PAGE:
The H. pylori bacteria are most excellent swimmers, due primarily to the corkscrew type rotational behavior of the bacterial spiral within fluid and of their powerful propeller-like filaments called flagella.  This motility behavior, thus, allows the H. pylori bacteria to swim in the stomach and avoid the deleterious effects of the powerfully corrosive stomach acid.

The acid of the stomach is a corrosive body fluid and the mucous that surrounds the stomach wall is a thick and viscous layer.  These conditions are inhibitory to the pathology of H. pylori.  The bacterium, however, has found several ingenious ways to circumvent the acid and the mucous.

First, the bacterium in the stomach acid will secrete an enzyme called urease, which digests urea to carbon dioxide, water, and ammonia, the latter chemical of which reduces the acidity of the stomach, thereby allowing the bacteria to avoid the acid.  Next, the bacteria produce and secrete two additional enzymes, one called collagenase and the other called mucinase, both proteins of which function to digest the mucous layer that normally covers and protects the stomach lining from the corrosive gastric acid. These enzymes further allow the bacteria to swim through the acid and the mucous, gaining access to the stomach lining.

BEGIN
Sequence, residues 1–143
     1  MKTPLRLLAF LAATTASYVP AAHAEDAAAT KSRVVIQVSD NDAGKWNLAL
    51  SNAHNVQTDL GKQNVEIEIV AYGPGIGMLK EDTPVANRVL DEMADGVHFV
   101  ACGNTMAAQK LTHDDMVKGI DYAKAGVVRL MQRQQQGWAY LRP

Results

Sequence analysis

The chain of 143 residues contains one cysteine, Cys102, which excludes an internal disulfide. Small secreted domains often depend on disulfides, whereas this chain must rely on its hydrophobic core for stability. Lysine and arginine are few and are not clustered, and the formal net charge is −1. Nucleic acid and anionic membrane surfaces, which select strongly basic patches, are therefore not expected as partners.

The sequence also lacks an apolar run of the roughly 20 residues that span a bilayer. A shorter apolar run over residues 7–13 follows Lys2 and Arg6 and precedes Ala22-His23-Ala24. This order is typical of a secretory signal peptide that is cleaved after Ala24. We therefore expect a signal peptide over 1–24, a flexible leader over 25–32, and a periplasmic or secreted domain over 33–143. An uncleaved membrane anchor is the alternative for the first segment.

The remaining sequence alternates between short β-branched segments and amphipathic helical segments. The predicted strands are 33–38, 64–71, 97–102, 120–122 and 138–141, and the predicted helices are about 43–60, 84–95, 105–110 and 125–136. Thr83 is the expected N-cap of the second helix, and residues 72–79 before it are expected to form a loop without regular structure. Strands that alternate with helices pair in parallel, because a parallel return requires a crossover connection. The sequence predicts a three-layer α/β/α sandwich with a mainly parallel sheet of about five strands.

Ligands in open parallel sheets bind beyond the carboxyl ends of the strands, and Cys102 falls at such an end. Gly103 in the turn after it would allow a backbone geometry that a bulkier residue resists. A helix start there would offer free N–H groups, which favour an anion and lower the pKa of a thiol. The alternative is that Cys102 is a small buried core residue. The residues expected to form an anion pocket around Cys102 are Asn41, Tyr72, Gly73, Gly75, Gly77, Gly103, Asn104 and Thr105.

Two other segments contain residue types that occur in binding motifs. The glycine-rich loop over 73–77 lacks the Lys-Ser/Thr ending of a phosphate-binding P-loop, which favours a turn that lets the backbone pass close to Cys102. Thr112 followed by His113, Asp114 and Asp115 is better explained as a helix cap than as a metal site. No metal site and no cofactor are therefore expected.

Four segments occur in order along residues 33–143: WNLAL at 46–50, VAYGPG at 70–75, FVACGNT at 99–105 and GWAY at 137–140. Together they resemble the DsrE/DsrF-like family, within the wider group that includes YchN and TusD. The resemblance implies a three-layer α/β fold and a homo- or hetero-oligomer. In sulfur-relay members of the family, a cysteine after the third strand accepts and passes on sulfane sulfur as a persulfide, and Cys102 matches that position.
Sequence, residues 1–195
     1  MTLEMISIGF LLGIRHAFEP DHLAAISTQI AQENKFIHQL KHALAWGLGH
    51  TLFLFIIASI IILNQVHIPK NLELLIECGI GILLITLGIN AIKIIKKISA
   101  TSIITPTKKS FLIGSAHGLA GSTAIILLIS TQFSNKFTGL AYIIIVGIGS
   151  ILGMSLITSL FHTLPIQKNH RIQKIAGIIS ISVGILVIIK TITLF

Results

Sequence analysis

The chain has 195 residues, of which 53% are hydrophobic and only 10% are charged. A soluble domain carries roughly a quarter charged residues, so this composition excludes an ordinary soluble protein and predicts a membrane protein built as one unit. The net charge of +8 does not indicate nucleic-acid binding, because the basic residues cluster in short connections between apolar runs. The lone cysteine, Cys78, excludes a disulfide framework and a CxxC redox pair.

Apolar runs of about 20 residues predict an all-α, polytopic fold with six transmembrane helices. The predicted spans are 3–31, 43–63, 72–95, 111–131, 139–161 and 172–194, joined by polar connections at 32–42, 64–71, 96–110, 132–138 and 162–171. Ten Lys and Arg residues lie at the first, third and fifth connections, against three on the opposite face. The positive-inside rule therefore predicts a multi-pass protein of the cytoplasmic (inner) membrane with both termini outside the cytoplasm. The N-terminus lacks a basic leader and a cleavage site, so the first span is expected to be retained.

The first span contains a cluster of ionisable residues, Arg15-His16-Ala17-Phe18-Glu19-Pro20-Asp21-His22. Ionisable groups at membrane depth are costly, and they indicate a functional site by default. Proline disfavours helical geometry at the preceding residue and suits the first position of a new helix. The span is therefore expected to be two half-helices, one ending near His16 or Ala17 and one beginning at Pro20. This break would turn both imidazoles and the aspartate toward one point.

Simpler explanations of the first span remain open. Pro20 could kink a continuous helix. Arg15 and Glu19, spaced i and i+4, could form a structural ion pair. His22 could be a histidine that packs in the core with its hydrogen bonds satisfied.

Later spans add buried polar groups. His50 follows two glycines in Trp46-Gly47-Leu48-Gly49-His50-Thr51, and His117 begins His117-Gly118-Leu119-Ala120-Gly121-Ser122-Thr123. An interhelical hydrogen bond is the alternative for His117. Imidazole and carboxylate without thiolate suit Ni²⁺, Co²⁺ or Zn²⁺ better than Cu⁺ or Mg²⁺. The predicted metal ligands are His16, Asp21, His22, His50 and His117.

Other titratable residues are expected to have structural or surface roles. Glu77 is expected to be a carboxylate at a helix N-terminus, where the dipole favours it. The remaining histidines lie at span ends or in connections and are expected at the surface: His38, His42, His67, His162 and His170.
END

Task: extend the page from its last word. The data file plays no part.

Next, upon reaching the stomach wall, the H. pylori bacteria secrete variety of adherence factors, which are proteins that permit bacterial binding to the lining of the stomach. Then, the bacterium secretes a set of virulence factors, such as one called VacA (vacuolating cytoxin), and another called NAP (neutrophil activation protein), both factors of which damage host stomach cells, inducing inflammation.  The inflammatory process is key to the gastritis and gastric lesions observed in the stomach linings. Then, in a coup de grâce, the H. pylori bacteria, on relatively rare occasions, make and emit CagA, a protein that elicits a cellular growth mechanism to produce the gastric carcinoma—stomach cancer.

5) Stress and worry—does it exacerbate the condition? Or it is irrelevant?

In general, stress and worry are known to affect the immune system in a detrimental way, allowing bacteria to circumvent various elements of the immune response and grow further.  Often, if a person is healthy, their immune system is healthy, too.  Conversely, if a person is unhealthy or stressed, then their immune system may be somewhat unhealthy, as well.